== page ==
Prof. Jayanth R. Varma’s Financial Markets Blog

A blog on financial markets and their regulation

Should governments hedge oil price risk?

I had an extended email conversation last month with a respected economist (who wishes to remain anonymous) about whether governments of oil importing countries should hedge oil price. While there is a decent literature on oil price hedging by oil exporters (for example, this IMF Working Paper of 2001), there does not seem to be much on oil importers. So we ended up more or less debating this from first principles. The conversation helped clarify my thinking, and this blog post summarizes my current views on this issue.

I think that hedging oil price risk does not make much sense for the government of an oil importer for several reasons:

  1. Oil imports are usually not a very large fraction of GDP; by contrast oil exports are often a major chunk of GDP for a large exporter. For most countries, oil price risk is just one among many different macroeconomic shocks that can hit the country. Just as for a company, equity capital is the best hedge against general business risks, for a country, external reserves and fiscal capacity are the best hedges against general macroeconomic shocks.
  2. For a country, the really important strategic risk relating to oil is a supply disruption (embargo for example) and this can be hedged only with physical stocks (like the US strategic oil reserve).
  3. A country is an amorphous entity. Probably, it is the government that will do the hedge, and private players that would consume the oil. Who pays for the hedge and who benefits from it? Does the government want the private players to get the correct price signal? Does it want to subsidize the private sector? If it is the private players who are consuming oil, why don’t we let them hedge the risk themselves?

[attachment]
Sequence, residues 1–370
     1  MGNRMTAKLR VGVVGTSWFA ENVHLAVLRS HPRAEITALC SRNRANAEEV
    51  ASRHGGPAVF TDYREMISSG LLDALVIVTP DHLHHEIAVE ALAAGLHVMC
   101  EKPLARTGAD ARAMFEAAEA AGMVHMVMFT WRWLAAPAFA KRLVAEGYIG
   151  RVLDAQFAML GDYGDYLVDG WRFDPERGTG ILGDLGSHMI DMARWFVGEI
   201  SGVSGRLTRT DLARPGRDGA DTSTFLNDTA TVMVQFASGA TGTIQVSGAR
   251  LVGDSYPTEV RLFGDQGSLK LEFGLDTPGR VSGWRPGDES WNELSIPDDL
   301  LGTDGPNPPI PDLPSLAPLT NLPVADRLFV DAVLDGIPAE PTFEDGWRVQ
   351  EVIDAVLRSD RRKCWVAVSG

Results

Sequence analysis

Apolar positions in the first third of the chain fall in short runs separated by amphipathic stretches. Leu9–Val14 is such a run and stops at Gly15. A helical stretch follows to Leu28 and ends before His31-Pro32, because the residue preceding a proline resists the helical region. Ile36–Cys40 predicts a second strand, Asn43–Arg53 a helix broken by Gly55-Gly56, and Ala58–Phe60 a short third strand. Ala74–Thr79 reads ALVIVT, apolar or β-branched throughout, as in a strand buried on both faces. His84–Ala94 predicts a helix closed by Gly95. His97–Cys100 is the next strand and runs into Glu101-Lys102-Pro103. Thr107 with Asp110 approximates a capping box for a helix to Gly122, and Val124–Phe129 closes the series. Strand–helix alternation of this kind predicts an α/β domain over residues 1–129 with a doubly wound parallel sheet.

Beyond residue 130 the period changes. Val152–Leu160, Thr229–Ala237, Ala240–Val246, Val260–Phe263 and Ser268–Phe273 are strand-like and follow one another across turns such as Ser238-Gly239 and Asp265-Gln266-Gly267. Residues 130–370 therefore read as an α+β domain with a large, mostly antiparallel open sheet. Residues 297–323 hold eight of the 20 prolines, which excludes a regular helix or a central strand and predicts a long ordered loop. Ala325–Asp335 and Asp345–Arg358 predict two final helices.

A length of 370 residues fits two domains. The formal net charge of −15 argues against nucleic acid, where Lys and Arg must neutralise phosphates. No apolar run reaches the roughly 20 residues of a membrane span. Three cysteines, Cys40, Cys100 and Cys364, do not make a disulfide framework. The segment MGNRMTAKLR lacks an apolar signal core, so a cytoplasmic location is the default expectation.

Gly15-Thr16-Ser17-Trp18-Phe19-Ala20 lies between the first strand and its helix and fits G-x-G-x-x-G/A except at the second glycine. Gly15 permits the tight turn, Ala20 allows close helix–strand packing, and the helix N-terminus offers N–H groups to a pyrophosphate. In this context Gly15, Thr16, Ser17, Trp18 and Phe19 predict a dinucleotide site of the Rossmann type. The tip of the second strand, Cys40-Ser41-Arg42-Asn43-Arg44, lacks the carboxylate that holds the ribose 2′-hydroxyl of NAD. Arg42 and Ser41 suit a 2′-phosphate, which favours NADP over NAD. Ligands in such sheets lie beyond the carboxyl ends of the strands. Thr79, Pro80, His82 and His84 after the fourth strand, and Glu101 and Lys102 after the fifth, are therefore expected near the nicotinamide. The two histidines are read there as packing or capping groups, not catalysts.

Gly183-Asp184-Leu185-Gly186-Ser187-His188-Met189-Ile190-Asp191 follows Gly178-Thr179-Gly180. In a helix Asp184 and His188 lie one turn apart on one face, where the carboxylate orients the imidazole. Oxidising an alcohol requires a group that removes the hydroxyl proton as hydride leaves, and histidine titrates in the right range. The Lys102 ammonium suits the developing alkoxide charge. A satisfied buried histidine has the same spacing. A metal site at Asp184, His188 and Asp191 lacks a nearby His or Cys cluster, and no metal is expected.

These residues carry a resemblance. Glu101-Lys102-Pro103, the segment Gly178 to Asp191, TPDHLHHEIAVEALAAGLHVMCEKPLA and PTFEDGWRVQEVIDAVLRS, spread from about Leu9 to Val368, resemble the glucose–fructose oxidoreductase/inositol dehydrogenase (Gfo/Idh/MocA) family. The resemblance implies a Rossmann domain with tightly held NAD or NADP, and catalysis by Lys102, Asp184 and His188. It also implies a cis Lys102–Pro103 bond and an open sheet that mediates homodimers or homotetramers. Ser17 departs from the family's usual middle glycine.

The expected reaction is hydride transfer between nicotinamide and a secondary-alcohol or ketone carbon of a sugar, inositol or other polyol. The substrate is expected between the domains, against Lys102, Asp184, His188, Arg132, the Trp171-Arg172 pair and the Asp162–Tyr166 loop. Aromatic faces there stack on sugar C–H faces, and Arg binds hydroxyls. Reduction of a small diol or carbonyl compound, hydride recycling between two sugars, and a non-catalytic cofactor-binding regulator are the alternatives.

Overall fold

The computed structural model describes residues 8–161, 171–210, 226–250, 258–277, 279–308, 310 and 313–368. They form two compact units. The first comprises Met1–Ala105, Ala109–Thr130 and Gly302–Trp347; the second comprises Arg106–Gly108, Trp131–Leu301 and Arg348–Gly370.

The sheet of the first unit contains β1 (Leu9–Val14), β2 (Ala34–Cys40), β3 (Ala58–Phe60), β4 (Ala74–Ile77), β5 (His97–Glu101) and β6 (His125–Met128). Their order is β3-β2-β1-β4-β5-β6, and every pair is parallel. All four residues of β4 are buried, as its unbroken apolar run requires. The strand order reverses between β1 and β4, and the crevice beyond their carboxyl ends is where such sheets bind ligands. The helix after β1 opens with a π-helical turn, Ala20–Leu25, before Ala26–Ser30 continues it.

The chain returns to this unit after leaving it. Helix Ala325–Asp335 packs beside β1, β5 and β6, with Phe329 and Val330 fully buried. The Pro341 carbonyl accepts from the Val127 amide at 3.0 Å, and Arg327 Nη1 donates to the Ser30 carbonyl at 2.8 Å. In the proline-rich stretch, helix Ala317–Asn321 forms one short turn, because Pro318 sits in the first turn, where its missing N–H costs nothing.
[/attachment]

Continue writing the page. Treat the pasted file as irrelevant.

4. Futures markets may not provide sufficient depth, flexibility and liquidity to absorb a large importer’s hedging needs. The total open interest in ICE Brent futures is roughly equal to India’s annual crude import.

Frankly, I think it makes sense for the government to hedge oil price risk only if it is running an administered price regime. In this case, we can analyse its hedging like a corporate hedging program. The administered price regime makes the government short oil (it is contracted to sell oil to the private sector at the administered price), and then it makes sense to hedge the fiscal cost by buying oil futures to offset its short position.

But an administered price regime is not a good idea. Even if, for the moment, one accepts the dubious proposition that rapid industrialization requires strategic under pricing of key inputs (labour, capital or energy), we only get an argument for energy price subsidies not for energy price stabilization. The political pressure for short term price stabilization comes from the presence of a large number of vocal consumers (think single truck owners for example) who have large exposures to crude price risk but do not have access to hedging markets. If we accept that the elasticity of demand for crude is near zero in the short term (though it may be pretty high in the long term), then unhedged entities with large crude exposures will find it difficult to tide through the short term during which they cannot reduce demand. They can be expected to be very vocal about their difficulties. The solution is to make futures markets more accessible to small and mid size companies, unincorporated businesses and even self employed individuals who need such hedges. This is what India has done by opening up futures markets to all including individuals. Most individuals might not need these markets (financial savings are the best hedge against most risks for individuals who are not in business). But it is easier to open up the markets to all than to impose complex documentation requirements that restrict access. Easy hedging eliminates the political need for administered energy prices.

With free energy pricing in place, the most sensible hedge for governments is a huge stack of foreign exchange reserves and a large pool of oil under the ground in a strategic reserve.

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